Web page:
A framework may thus be regarded as a system which provides an implied network of responsibilities between objects, provides for inheritance between classes of objects (e.g. data and methods of superclasses at higher hierarchical levels of classes of objects), and provides for calling of libraries in response to events. A system formed as a framework may also be customized by the addition of objects which perform more specific functions and which may also override functions provided by the framework. Machine-specific and device-specific objects in various classes and subclasses of the framework allow the framework, itself, to be machine- and device-independent and of generalized applicability. Further, a particular framework is characterized by the interrelationships it establishes between objects and classes of objects in terms of division of responsibilities and inheritance and the functionality it thus achieves. A framework, itself, is also useful as a template for the development of specific applications in which customization and functional overrides may be provided as specific objects therein.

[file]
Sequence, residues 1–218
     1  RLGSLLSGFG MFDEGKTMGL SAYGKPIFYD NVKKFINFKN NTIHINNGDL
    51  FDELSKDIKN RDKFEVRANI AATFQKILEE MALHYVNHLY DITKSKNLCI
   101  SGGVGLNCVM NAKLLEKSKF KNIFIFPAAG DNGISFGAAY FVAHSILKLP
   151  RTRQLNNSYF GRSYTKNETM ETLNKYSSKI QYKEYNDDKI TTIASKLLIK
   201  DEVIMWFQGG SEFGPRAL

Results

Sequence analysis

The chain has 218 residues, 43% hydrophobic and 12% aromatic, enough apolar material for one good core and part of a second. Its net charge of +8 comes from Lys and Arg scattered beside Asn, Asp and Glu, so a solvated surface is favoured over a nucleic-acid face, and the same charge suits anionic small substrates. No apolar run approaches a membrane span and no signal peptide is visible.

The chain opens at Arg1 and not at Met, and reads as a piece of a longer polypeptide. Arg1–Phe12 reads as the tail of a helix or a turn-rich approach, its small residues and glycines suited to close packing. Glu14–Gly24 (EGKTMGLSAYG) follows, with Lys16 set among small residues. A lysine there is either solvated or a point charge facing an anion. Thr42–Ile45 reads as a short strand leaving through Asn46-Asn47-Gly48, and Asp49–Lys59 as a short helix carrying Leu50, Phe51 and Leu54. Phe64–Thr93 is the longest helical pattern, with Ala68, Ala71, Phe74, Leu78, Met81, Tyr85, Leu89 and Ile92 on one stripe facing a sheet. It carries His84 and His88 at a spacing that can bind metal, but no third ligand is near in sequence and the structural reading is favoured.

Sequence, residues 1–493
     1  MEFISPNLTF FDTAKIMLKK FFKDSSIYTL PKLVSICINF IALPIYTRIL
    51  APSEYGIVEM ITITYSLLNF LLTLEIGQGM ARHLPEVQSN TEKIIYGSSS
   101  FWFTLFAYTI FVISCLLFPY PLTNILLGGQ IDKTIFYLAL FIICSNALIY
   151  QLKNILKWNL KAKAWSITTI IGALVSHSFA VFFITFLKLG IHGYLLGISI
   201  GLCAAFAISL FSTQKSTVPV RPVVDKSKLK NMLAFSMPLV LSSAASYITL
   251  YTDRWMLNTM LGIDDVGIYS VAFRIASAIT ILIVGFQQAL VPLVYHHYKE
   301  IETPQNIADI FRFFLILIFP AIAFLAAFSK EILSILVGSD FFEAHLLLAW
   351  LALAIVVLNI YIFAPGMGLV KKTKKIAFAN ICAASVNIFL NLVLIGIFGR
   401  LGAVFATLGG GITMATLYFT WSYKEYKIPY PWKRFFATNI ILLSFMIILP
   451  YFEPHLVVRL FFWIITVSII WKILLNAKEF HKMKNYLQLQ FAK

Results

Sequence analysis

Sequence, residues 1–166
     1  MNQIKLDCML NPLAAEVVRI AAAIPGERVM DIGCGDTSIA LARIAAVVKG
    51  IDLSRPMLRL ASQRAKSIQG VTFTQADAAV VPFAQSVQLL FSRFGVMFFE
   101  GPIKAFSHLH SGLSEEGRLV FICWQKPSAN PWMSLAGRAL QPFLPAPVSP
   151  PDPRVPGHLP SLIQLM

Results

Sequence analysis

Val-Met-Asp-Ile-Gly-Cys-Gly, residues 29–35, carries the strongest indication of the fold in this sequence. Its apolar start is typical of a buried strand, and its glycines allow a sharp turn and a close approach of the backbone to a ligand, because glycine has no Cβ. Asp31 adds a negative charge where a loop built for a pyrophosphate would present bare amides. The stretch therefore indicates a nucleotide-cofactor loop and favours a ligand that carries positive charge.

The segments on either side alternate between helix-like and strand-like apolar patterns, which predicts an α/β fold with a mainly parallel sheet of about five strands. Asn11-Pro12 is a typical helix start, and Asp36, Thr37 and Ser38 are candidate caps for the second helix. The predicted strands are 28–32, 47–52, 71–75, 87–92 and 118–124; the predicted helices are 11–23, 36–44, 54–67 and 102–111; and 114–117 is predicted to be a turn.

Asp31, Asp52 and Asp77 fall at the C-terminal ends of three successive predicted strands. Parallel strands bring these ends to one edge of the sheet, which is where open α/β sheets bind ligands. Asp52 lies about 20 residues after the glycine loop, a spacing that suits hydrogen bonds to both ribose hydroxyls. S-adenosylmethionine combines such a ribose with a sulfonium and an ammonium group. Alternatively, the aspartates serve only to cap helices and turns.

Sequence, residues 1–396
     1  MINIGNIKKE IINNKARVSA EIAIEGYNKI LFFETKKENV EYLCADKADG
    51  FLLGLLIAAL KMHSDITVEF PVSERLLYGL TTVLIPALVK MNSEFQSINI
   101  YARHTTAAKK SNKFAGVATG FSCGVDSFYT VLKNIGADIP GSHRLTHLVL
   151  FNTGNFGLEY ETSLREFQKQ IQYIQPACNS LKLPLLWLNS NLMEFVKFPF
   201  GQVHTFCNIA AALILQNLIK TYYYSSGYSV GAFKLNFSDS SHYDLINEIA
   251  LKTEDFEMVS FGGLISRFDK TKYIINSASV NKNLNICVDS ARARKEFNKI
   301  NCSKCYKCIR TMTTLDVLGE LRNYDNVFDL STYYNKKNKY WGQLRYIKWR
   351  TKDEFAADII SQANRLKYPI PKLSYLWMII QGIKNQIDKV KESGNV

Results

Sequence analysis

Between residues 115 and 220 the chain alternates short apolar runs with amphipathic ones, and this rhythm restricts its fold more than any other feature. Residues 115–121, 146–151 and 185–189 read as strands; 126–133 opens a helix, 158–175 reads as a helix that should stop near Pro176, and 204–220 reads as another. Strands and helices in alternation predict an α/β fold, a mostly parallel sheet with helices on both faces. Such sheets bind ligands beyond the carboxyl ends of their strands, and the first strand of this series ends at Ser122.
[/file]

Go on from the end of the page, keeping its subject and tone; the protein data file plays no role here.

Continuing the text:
The present invention, a hit detection framework provides a mechanism to allow the application developer the flexibility to define the behavior for both primitive and custom geometric types. Hit detection, enables an application to directly manipulate graphic objects by defining a behavior for each geometric type. The developer can specify criteria as to what determines a hit, the extent of the search for a hit and the action to be performed in the event a hit occurs. The framework provides a default search protocol for the primitive geometric types. However, these default search protocols can be overridden and customized by the user.

MGraphic is a utility class for applications. It holds geometry related data including geometric objects, attributes (in a bundle) and hierarchies. FIG. 3 shows various MGraphics and their corresponding geometries. These primitive geometric types can be combined by the user to create simple and complex subclasses of MGraphic, as shown in FIG. 4. The hit object framework allows customized hit criteria to be specified for any MGraphic subclass. Criteria can be defined for each primitive and self-defined geometric class. The MGraphic subclass then calls the appropriate method for the geometric types which they contain.